Everyone seems to get some screentime in this book. Carl continues to grow and become his own man, Negan gets one of his awesome speeches and Maggie faces up to the hard side of leadership. This is an amazing foundation and would make a great book but the rug-pulls make it fantastic. Kirkman shows that he needn’t kill characters to shock you. And then he kills characters and you are shocked again.
The art is amazing and it is always worth stopping to appreciate just how good it is and how much is done with black and grey. This has never been a normal gig for Adlard. He never phones things in. Each panel is well thought out and even after two dozen books he is still experimenting and there are some really sharp panel structures here.
Walking Dead is everything a graphic novel should be including rising to new heights.
Double Thumbs Up!
Now the world-building is done and the Specials are no longer kids this really ratchets up a gear. Several gears in fact as politics and humanism enters the agenda. Through a series of twists the action hots up and takes off in a new direction.
Just like the first book this volume has everything dotted and crossed. Things you didn’t realise were being set up in the previous act neatly pop up and dovetail into place. This is a masterpiece of plotting and everything neatly follows on without any jarring deus ex machina. More importantly these are human beings, fallible ones, who don’t always make the right or the expected decisions.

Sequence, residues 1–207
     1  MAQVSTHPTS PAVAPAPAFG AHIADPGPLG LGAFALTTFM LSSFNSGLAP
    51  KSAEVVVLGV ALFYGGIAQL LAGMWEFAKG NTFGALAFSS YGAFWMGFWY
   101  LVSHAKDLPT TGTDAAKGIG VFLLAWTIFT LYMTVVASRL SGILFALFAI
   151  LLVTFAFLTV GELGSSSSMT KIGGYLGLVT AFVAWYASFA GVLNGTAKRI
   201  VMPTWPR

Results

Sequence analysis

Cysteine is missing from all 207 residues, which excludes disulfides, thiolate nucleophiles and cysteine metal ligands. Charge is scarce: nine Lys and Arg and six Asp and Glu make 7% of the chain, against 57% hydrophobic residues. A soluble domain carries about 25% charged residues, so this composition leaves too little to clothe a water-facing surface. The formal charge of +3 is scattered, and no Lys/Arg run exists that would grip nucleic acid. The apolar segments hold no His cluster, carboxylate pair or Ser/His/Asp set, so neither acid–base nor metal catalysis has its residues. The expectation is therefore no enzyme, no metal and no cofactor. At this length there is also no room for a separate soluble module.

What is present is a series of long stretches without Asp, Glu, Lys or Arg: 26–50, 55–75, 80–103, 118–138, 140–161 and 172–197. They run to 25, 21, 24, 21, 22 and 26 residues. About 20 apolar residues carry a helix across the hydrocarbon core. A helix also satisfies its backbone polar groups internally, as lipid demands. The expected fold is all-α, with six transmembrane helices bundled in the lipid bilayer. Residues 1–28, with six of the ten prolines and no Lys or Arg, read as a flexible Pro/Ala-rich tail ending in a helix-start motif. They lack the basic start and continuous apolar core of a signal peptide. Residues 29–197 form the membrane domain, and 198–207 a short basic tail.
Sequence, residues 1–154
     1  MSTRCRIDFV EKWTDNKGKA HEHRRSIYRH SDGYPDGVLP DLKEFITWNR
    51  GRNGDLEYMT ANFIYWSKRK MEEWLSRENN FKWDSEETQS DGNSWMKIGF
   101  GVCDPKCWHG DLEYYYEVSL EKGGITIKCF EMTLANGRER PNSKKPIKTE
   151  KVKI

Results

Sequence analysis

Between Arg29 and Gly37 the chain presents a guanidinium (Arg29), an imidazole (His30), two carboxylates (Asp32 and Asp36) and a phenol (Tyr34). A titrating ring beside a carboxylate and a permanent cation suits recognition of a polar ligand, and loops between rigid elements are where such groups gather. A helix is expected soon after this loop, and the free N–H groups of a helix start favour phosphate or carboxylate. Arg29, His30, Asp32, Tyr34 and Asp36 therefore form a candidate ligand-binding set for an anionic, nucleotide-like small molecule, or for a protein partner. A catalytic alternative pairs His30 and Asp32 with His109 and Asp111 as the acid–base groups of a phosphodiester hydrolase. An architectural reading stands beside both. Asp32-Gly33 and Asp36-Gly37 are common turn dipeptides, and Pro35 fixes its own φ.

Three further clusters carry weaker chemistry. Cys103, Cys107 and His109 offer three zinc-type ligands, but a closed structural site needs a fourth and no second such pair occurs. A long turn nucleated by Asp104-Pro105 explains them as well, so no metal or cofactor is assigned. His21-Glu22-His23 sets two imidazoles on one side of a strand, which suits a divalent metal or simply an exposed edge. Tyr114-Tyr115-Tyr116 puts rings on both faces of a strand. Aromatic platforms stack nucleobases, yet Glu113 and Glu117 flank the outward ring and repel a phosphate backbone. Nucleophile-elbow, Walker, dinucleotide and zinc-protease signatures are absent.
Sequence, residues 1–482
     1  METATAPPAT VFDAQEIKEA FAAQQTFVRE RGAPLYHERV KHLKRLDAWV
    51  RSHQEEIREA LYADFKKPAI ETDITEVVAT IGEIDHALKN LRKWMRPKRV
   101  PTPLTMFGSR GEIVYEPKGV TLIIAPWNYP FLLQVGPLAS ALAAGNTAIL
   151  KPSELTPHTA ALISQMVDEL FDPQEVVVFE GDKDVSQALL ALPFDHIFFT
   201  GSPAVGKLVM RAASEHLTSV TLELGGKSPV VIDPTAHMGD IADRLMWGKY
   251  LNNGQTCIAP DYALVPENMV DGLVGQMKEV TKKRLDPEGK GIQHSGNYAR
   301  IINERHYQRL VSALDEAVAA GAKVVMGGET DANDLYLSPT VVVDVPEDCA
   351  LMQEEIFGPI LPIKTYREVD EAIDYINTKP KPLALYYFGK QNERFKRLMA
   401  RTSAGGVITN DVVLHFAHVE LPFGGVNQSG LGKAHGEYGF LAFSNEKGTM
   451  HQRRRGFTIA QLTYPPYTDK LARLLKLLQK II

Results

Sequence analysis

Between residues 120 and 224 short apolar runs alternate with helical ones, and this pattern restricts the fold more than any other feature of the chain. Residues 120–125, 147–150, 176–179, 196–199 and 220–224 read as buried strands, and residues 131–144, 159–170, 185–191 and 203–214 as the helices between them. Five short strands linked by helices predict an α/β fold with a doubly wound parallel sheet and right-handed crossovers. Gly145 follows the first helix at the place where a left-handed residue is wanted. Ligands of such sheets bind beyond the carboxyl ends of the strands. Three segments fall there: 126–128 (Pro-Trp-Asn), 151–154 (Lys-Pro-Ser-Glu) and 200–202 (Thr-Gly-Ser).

The art is great. Despite the series having several artist changes everything looks consistent and well-polished.
For the big ideas this deserves a Double Thumbs Up!
Taking more than four years to write and draw and published twenty years ago this powerfully and terribly relevant story deserves its praise by Neil Gaiman and Alan Moore.
This work tackles the potent subject of Child Abuse in a way that only art can. Interleaving a contemporary tale, albeit from the 1990’s, with the story of Beatrix Potter this isn’t preachy or frightening and explores every facet of the subject and its aftermath.
If you are paying attention you can learn a lot about a great many things. There is so much gently layered into this sophisticated work and it deftly balances things both hard and joyful to read.
The art is spectacular with each panel crammed with vibrant, realistic detail and wonderful life and emotion. All the scenes and images bring this story and its turbulent emotions to life. Lush and epic vistas of the Lake District, London in all its forms, and real people. The lighting and colouring is extraordinary and pack just as much punch as the words.
There is an extensive Afterword from Talbot and, unusually, a long credit list as most of the characters were drawn from life. There is also an introduction from writer Stephen Gallagher.
Double Thumbs Up!!